Suspense

Suspense – Murder Aboard the Alphabet

In “Murder Aboard the Alphabet,” the crew of a deep sea tugboat fears that their captain is a madman.

As the episode opens, the chief officer of the Alphabet, Mr. Marchland, explains what happened during their voyage from Liverpool to Boston.

The ship was under the command of Captain Walker for the first time, and it soon became apparent that their new captain had intense peculiarities and a maniacal need to organize everything alphabetically. At first he seemed harmless, but when members of the crew began to mysteriously disappear in alphabetical order, they realized that their captain was more dangerous than odd.

“Murder Aboard the Alphabet” was written by Charles Turrell and produced and directed by William Spier. John Lund starred as Mr. Marchland and Joseph Kearns played the captain. Also appearing were Wiliam Johnstone and Ben Wright. This episode aired on August 21, 1947.

Sus 470821_Murder Aboard the Alphabet

Suspense did this story a second time in 1955, but no recordings of that broadcast are known to exist at this time

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470814 Smiley

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Suspense – Smiley

In “Smiley,” Donald O’Connor stars as a man who has a grudge against all women after being falsely convicted of a crime.

Harold Smythe was a happy guy that everyone called “Smiley.” He had a job as a dishwasher and never caused any trouble. Sure, people thought it was strange that he was obsessed with his pretty hands, but they only teased him about it.

As Smiley was walking home one night, his life changed forever. A woman accused him of following and accosting her. Smiley told the court he was innocent, but they didn’t believe him.

Now, after two years in prison, Smiley returns to his old job as a dishwasher. His hands have been roughened by hard labor, and he has a grudge against all women. Smiley decides that the only way he can have justice is to commit the crime for which he has already served time.

Will Smiley carry out his creepy plan?

“Smiley” was written by Charles Glenn and produced/directed by William Spier. Donald O’Connor starred as Smiley. Sidney Miller, who also wrote and performed with O’Connor in his stage shows, played Curly. Lurene Tuttle played Cookie. This episode aired on August 14, 1947.

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sus 470807 Quiet Desperation

Suspense – Quiet Desperation
In “Quiet Desperation,” an employee in a rut takes a chance on stealing his way into a better life.

As the episode opens, Homer Bigelow decides to change his situation. His existence has become an endless routine, and he wants to break free to live a life of adventure. His opportunity comes at work, when he overhears the bank manager describing the plans of his friend, Mr. Vale. He intends to dodge the currency control laws in England by sending his daughter to America to sell negotiables.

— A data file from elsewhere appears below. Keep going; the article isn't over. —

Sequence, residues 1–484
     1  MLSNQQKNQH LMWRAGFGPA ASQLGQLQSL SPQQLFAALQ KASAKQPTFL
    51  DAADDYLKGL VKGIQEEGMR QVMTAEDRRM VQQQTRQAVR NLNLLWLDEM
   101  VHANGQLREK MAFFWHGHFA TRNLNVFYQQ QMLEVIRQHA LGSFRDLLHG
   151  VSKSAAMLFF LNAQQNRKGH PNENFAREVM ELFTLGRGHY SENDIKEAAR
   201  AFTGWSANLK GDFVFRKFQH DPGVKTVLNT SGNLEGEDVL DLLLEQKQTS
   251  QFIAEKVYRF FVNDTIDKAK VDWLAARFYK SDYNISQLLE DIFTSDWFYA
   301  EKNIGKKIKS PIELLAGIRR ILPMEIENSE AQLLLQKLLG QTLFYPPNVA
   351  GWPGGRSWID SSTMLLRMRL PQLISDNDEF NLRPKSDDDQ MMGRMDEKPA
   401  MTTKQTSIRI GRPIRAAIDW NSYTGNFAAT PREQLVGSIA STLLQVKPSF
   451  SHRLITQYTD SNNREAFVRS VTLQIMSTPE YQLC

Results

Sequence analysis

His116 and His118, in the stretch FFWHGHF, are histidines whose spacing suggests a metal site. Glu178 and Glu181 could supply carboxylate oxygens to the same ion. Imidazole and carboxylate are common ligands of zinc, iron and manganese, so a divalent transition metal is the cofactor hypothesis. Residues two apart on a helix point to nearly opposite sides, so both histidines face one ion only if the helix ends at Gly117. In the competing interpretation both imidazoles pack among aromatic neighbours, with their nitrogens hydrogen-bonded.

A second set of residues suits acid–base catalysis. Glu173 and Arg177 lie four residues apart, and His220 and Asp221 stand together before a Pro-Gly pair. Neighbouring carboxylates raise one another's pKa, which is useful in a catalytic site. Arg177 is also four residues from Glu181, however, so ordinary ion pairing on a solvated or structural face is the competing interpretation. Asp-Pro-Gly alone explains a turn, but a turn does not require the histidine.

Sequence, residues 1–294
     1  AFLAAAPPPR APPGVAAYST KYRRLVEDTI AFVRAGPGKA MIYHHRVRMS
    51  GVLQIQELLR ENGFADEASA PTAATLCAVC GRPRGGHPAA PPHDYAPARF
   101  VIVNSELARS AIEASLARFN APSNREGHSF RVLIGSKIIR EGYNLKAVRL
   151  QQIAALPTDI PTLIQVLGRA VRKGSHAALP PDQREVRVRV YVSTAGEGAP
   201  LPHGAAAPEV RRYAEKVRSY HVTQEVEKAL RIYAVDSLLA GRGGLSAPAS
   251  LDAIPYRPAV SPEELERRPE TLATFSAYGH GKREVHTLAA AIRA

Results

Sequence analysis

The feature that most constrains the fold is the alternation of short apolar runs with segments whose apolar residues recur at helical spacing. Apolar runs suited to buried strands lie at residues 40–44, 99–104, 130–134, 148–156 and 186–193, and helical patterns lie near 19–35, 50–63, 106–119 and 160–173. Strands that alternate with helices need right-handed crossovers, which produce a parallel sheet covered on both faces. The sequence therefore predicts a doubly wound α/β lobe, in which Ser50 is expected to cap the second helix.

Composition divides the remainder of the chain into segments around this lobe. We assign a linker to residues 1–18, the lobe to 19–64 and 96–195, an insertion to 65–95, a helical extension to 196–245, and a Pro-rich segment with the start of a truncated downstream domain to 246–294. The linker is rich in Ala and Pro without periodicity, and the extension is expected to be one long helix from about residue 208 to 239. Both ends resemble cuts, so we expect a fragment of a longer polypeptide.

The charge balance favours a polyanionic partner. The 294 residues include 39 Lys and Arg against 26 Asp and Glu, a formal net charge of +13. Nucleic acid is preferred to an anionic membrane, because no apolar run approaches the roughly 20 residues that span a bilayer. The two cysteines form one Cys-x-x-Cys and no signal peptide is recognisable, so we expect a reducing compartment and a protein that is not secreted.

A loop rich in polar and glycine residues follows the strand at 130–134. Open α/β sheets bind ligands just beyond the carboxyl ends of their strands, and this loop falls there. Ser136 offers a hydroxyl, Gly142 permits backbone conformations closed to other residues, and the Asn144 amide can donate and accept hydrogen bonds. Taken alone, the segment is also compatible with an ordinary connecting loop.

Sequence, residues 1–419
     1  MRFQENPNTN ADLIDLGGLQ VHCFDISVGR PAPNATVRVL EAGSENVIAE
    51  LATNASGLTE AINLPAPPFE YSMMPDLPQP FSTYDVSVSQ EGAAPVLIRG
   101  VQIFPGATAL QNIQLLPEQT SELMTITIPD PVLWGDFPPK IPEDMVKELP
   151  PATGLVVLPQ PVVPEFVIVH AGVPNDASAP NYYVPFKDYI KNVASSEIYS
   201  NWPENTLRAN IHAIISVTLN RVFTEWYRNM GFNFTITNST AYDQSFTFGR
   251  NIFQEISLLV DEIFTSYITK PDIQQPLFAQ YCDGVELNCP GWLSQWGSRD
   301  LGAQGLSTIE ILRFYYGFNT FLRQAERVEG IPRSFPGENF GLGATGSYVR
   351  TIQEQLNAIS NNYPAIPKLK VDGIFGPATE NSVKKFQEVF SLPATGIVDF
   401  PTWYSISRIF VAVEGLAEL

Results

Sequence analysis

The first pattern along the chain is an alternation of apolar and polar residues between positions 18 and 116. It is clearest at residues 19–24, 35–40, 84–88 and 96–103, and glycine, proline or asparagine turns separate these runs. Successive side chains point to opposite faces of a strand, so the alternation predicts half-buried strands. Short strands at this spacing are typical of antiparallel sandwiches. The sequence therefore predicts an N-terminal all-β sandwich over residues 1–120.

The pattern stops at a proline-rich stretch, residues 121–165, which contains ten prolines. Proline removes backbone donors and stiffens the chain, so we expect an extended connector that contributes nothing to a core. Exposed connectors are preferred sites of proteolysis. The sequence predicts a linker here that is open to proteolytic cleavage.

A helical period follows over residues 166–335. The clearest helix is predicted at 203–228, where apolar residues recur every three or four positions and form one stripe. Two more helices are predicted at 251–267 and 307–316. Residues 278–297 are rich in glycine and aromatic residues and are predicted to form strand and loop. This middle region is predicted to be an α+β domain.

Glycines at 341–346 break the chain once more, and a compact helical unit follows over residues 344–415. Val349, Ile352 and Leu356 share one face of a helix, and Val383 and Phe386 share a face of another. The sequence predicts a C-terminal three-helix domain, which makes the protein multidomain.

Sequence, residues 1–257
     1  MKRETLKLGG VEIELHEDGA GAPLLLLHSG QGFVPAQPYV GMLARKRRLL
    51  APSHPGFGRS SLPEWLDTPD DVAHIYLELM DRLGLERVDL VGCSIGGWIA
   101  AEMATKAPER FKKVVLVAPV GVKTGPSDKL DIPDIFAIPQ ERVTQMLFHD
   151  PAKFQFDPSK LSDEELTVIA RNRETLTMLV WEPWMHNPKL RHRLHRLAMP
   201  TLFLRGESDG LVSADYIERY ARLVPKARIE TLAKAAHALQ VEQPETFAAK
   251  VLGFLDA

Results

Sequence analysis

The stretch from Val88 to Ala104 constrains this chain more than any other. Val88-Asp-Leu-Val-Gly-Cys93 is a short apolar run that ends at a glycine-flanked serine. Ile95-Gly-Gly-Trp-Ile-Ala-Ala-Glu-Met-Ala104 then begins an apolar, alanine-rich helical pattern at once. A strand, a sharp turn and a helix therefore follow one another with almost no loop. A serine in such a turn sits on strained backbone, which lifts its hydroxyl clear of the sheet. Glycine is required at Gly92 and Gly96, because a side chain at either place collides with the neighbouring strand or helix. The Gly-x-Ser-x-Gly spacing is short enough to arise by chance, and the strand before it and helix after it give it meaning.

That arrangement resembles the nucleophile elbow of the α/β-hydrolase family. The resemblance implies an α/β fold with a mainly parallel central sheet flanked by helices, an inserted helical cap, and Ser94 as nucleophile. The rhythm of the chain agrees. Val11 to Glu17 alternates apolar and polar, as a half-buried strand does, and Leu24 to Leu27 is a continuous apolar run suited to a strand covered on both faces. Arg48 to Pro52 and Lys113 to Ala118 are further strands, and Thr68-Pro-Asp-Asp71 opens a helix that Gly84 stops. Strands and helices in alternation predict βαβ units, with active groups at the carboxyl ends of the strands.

Homer had planned to spend the next week on vacation, but when he gets the opportunity to meet Hester Vale and intercept the assets, he takes it. His vacation arrangements make it easier to hide what he is really up to.

Can Homer get away with his plan to steal the negotiables, fake his own death, and move out West? Or will his own desperation get the better of him?

“Quiet Desperation” was written by George and Gertrude Fass. William Spier produced and directed. Walter Abel starred as Homer. Also appearing were Cathy Lewis, Wally Maher, William Johnstone, and Joseph Kearns. This episode aired on August 7, 1947.

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This is going to be Suspense week.

470731 Mortmain

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Suspense – Mortmain

In “Mortmain,” Jerome Cowan stars an attorney who frames his law partner and then takes over his life.

As the episode opens, a dead body lies on the floor of a kitchen. Sam Boston and the chief of police are waiting for the coroner to arrive, and everyone is looking for for Sam’s law partner, George Perry.

Sam thinks back to how it all began…three years ago…on that day when George breezed into Sam’s office and announced that he was going to be nominated for district attorney. Sam was stunned. He wanted that nomination!

At work, Sam’s wits had won George’s cases and brought him success as an attorney. He had also stolen Alice, the only woman Sam wanted.

George had tried to buy him off with the “what’s good for me is good for you, too, because we’re partners” line…and Sam pretended to agree. The truth was George was becoming too successful on Sam’s talent!

Sam had tried to handle the situation by fair means, but then, he decided it would be better to ruin his partner’s career and marriage.

Will Sam succeed in his back-stabbing plan?

“Mortmain” was written by George Fass and Gertrude Fass and was produced/directed by William Spier. Jerome Cowan starred. Also appearing were Wally Maher and Cathy Lewis. This episode aired on July 31, 1947.